Palm Sunday – Year A

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Liam T. O’Doherty, O.S.A. 
Church of Our Mother of Good Counsel
Bryn Mawr, Pennsylvania

Mt 21:1-11
Is 50:4-7
Ps 22:8-9, 17-18, 19-20, 23-24
Phil 2:6-11
Mt 26:14—27:66

Today is the only day of the year when we have two Gospel readings. There is a dramatic contrast between the two of them. In the first Gospel reading that we heard proclaimed at the beginning of Mass, the crowd of people in Jerusalem welcomes Jesus in with shouts of “Hosanna!” They treat him almost as a king! Only five days later, the people of Jerusalem are shouting to Pilate, “Crucify him! Crucify him!” Few of the 12 disciples, who had followed him for nearly three years, were anywhere to be seen.

All of us love Jesus. But being honest with ourselves, we know that there have been times in our lives when we, too, have turned from Jesus when times have gotten difficult. Just like most of the disciples did.

Jesus, after he rose from the dead, returned to ALL of the disciples. He did not reject them, although they were not there at his time of suffering. I’m sure that if Judas had not taken his own life that Jesus would have embraced and forgiven him too.

For most of us, Holy Week of 2020 will be radically different from any we have ever experienced. Most of us will not participate in these sacred rites physically. Many will participate remotely through our computer screens, smartphones, or televisions.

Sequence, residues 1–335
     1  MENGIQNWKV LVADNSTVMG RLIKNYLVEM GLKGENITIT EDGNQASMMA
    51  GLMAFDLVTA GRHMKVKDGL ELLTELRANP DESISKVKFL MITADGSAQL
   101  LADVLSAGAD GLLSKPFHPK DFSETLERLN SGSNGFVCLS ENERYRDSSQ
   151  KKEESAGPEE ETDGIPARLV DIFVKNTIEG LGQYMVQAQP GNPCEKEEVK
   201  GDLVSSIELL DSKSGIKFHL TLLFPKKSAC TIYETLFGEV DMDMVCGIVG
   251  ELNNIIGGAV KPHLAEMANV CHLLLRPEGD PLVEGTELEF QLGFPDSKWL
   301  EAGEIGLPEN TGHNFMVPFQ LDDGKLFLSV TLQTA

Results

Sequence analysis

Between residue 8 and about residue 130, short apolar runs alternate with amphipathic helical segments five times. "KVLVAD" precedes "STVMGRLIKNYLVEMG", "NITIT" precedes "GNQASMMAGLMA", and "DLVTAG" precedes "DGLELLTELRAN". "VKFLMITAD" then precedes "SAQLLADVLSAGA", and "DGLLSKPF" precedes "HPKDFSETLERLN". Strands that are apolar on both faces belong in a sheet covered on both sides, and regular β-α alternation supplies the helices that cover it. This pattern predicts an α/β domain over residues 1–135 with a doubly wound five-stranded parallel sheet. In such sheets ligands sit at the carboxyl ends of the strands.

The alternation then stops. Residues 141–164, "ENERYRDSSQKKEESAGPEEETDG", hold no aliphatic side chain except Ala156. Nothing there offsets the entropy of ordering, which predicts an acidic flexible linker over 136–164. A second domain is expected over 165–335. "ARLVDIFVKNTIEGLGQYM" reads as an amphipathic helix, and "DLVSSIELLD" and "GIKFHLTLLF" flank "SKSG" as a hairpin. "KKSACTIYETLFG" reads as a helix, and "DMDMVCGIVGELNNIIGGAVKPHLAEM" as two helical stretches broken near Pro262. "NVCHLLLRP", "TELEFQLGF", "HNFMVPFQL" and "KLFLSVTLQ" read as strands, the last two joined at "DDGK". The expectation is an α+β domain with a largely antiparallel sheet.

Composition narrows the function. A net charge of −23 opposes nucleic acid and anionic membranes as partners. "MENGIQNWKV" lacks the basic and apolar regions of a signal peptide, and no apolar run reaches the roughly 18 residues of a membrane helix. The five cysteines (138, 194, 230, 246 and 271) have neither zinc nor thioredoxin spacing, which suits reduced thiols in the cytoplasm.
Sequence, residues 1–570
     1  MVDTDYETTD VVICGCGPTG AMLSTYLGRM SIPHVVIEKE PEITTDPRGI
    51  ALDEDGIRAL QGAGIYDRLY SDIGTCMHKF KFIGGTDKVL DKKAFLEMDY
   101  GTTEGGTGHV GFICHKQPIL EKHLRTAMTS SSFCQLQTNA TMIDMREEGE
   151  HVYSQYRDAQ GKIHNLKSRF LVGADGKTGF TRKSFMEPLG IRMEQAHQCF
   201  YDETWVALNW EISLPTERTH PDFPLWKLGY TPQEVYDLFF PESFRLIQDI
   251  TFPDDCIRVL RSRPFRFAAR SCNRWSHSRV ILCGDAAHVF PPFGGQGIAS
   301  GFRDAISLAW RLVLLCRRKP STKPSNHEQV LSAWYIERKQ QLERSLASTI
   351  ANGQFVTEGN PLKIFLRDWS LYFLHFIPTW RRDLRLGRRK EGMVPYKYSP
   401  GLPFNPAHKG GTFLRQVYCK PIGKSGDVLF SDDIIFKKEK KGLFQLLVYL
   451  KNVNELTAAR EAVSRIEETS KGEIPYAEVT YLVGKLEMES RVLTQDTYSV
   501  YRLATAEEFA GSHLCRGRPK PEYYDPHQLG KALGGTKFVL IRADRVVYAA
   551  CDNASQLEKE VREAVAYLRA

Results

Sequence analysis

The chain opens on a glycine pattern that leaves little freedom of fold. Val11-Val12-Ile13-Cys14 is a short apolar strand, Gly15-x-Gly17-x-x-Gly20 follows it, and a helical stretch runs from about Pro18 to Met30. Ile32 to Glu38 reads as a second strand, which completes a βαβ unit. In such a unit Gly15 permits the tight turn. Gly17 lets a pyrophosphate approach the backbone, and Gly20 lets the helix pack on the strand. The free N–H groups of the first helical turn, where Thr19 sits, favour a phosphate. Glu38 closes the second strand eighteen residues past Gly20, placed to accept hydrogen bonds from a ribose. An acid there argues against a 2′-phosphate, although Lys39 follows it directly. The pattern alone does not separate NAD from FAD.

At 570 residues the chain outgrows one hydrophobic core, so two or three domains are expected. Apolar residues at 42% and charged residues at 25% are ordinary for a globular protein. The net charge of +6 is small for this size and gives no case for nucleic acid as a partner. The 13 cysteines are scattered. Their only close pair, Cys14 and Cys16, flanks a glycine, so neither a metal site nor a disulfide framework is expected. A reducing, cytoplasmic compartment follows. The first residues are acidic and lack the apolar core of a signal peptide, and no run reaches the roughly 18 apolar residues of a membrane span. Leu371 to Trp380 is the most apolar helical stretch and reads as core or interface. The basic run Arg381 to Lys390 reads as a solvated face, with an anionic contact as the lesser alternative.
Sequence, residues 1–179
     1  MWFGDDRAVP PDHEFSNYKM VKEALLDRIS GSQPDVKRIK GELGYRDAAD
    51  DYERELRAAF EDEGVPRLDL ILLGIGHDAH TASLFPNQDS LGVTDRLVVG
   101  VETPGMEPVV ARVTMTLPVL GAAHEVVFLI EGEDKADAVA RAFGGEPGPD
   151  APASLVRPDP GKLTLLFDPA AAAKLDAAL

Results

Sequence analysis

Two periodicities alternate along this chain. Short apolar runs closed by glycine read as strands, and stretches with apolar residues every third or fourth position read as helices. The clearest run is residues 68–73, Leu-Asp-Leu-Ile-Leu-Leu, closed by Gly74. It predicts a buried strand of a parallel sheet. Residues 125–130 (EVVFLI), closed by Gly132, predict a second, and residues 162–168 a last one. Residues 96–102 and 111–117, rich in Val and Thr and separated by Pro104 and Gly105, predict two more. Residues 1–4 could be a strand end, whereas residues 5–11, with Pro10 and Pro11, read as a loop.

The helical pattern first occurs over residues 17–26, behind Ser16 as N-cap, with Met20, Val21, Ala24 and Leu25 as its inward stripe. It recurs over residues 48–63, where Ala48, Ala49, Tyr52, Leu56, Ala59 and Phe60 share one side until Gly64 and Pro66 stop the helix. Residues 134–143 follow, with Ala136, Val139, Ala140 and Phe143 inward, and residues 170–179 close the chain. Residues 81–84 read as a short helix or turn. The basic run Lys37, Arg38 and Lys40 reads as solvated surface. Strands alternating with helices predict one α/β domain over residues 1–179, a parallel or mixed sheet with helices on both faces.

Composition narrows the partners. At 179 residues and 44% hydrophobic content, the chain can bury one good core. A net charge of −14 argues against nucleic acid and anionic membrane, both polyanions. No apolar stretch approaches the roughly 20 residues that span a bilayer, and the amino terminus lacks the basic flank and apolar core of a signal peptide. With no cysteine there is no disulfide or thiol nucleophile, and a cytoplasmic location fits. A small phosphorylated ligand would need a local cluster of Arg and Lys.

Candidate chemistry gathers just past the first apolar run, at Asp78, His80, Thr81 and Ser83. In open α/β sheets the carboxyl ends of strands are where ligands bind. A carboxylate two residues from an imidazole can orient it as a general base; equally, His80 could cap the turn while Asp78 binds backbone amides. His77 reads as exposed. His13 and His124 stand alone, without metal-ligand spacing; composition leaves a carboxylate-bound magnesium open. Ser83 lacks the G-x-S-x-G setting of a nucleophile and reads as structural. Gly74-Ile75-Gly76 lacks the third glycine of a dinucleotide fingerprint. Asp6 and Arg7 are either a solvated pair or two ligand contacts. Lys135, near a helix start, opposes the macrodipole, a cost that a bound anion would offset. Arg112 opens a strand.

Fear and anxiety caused the disciples to flee and hide. Let that not be so for us! Unlike them, we have the advantage of knowing that Jesus has indeed triumphed over death! I imagine that no matter where we are or how we participate in these liturgies, there will be an intensity to them that we have not felt before. This year when we commemorate the Passion of Our Lord, we are surrounded by the Passion of Humankind as we together walk through this dark valley.

But as Psalm 23 reminds us, as we walk through this dark valley, He is walking beside us. We do not need to fear whatever evil will come, because He is with us to comfort and strengthen us as we go through whatever is in store. We know that His goodness and mercy will pursue us.

It is ironic that this holy season calls for us to come together as a community of faith, but this year we must enter into these mysteries separated from one another to keep all of us safe and healthy. Despite this separation, this year, especially we must live and act together and for each other as members of Christ’s Body.

The good news is that Jesus is Immanuel – “God with us!” This year as we meditate on His suffering and death, we are surrounded by suffering and death in our nation and our world. But Jesus does not abandon us! Jesus, in His mercy and compassion for all of us, profoundly desires to minister to each of us:

• to calm us in our anxiety,

• to give us courage despite our fears,

• to comfort us in our grief and sorrow,

• to be an anchor for us in our confusion,

Open your hearts to receive these graces! And He will give you and me the power to reach out to give comfort and strength to others [always as a safe distance, of course] – to family members, neighbors, even strangers – amid the present crisis.

Despite everything, Jesus is still Lord!